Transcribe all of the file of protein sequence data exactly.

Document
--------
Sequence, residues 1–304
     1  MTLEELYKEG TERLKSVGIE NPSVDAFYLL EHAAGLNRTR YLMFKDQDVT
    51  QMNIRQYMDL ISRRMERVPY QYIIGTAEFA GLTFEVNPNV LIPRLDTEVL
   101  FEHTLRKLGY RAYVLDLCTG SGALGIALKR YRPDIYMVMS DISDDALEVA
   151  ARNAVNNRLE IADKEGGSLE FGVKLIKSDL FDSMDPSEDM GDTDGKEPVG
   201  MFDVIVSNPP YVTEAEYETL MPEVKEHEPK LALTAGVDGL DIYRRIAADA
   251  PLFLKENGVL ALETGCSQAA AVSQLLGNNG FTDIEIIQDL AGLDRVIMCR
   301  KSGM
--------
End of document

Sequence, residues 1–304
     1  MTLEELYKEG TERLKSVGIE NPSVDAFYLL EHAAGLNRTR YLMFKDQDVT
    51  QMNIRQYMDL ISRRMERVPY QYIIGTAEFA GLTFEVNPNV LIPRLDTEVL
   101  FEHTLRKLGY RAYVLDLCTG SGALGIALKR YRPDIYMVMS DISDDALEVA
   151  ARNAVNNRLE IADKEGGSLE FGVKLIKSDL FDSMDPSEDM GDTDGKEPVG
   201  MFDVIVSNPP YVTEAEYETL MPEVKEHEPK LALTAGVDGL DIYRRIAADA
   251  PLFLKENGVL ALETGCSQAA AVSQLLGNNG FTDIEIIQDL AGLDRVIMCR
   301  KSGM